Since we just drove around lunchtime in time for check in at 2:00 p.m., we had lunch first at Leslie’s at the Sky Ranch. By the way, we just walked from the hotel as the complex was just next door. We feasted on inihaw na tawilis, hubby’s favorite, and bulalo.


Sky Ranch is another relatively new project of SM holdings. The theme park is quite new, and is home to the tallest ferris wheel in the Philippines. the Sky Eye. It has a variety of rides for kids and adults alike, a sizable area for horseback riding, restaurants, and other food stalls.


The little has been insisting to ride a real horse even before we left the house. So happy she got her wish.


And played and rode to her heart’s desires.






Here she is while waiting for me to get dinner, which we had at our room. By the way, the Kenny Rogers restaurant there sucks big time. Took us more than thirty minutes to get our food.


Winding down after an afternoon of fun.


The hotel also boasts a sumptuous breakfast buffet ranging from healthy choices to tasty but cholesterol-full food. Guess who chose which. harhar.



Mama and Lolo also followed and spent some time with us. We all wanted to go to church together but it was early for the three of us (hubby, Mischa and I) so we settled for mass held in the hotel premises (good thing they have these!).


She happily ran around the wide expanse of grass. A good respite from always sitting around the house or in school. The only thing she wasn’t able to do was swim in the hotel pool. Unfortunately, it was brrrr-ery cold during our stay. We promised her we’ll come back a second time.


After checking out, we drove a little further still to Sonya’s Garden in Alfonso for lunch. Will tell you more about it in my next post.

I wish we could always do this, steal time and hide from the world. So good to be with just family and nature. Thank you Lord God for giving us another year together, and looking forward to the next big things You will give our way.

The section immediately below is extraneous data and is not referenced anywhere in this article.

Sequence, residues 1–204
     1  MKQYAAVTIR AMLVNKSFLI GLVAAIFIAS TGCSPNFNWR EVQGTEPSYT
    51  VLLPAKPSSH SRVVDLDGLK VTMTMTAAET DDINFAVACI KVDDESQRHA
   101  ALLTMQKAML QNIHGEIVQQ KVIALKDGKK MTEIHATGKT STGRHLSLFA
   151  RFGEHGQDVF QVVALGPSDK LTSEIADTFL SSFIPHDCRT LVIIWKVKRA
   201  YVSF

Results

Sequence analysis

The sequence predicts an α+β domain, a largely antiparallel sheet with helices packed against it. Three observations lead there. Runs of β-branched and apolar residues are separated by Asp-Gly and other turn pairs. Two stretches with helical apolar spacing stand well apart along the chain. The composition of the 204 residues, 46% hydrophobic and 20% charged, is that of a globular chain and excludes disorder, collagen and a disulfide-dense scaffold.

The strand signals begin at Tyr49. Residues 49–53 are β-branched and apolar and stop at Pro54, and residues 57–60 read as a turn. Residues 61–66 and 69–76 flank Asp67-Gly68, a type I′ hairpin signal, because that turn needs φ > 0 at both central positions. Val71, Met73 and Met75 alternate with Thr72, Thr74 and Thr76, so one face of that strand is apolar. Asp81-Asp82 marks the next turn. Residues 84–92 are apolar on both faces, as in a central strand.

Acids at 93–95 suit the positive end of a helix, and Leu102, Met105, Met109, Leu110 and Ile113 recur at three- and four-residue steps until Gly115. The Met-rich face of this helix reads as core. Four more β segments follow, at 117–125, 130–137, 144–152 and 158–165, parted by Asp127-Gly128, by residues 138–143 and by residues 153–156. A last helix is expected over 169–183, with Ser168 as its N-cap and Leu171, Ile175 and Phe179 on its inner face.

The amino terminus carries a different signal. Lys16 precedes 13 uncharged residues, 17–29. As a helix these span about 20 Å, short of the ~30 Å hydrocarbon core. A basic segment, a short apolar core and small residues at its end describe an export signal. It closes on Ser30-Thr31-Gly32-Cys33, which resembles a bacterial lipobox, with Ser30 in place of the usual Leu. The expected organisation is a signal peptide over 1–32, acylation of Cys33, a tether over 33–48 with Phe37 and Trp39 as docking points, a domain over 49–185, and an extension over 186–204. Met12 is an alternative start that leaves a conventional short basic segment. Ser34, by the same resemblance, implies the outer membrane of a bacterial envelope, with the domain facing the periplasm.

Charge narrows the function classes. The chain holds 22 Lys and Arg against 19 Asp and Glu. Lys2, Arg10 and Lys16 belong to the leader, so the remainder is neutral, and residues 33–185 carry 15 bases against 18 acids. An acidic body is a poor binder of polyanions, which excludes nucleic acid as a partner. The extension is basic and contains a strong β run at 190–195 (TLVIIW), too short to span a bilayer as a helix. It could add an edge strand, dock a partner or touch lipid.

My Negros adventure

Official duties brought me to the provinces of Negros Occidental and Iloilo last week to turn over classroom donations and look into livelihood possibilities for survivors of supertyphoon Yolanda. It’s been a while since I did these things because in the last couple of years, I had to delegate this to my staff because I was relegated to more “desk work”, but am very happy to this now.

During this trip, I choose to arrive in the evening of the day before our activities than arrive looking haggard very early in the morning. Call time as requested by our partner non-government organization was supposed to be 6:00 a.m., meaning if I took a flight arriving in Bacolod before 6:00 a.m., I had to leave Manila by 5:00 a.m., have to be in the airport by 3:30 a.m., meaning I have to be up at 2:00 a.m.

Anyhow, we got to Bacolod early evening, which gave us ample time to rest as the travel the following day would have us traversing the northern to the central part of Negros along bumpy, mountainous roads.

We stayed in downtown Bacolod at the Circle Inn and Suites. Truth be told, having tried and tested several provincial lodgings around the country, I don’t expect much from hotels/inns/pension houses. But this one was surprisingly nice, clean and modern. For Php1,400 a night for a twin sharing room, it ain’t bad at all. Beddings, sheets all seem new. The only downer is their box-type television, which you would have thought have been phased out in this land where even informal settlers have flat screen TVs. But oh well. Apart from that, I give 4 stars.


Everything in the hotel seem up to date. They even have function rooms, business area, pool, room service, and they serve buffet breakfast albeit with very few selection.



If I ever come back here again, I would book the rooms with direct pool access.


For our dinner, we went to have an authentic chicken inasal. So off we went to Manokan where an array of restaurants serve the famous delicacy. From the choices, we sat down at Aida’s.



The next day, we were picked up and accompanied by our NGO friend to turn over the donated classrooms. We covered four towns – Sagay, E.B. Magallona, Murcia and Binalbagan. The car rides in between feels like we’ve been on the road forever. We passed through what seems to be endless sugarcane fields, a crop Negros is famous for.


On our way to one of the schools, we got to taste real Manapla puto. Very good!


Despite the exhausting travel, I was glad to have seen the look of happiness on the faces of the teachers and kids as the classrooms donated become officially theirs. I thank them for reminding me that my work is relevant.




And of course, no trip would be complete without pasalubong for your loved ones. Thank goodness, there was a Bongbong’s, another famous Bacolod icon right outside the pier. Bought some piaya, biscocho, butterscotch and napoleones before we crossed over to Iloilo.



Of course, we did our best to see The Ruins in Talisay.

Next time, I’ll be sure to drop by the ancestral houses in Silay City, and have more food trips. For now, that’s it for the City of Smiles.

Kids’ camp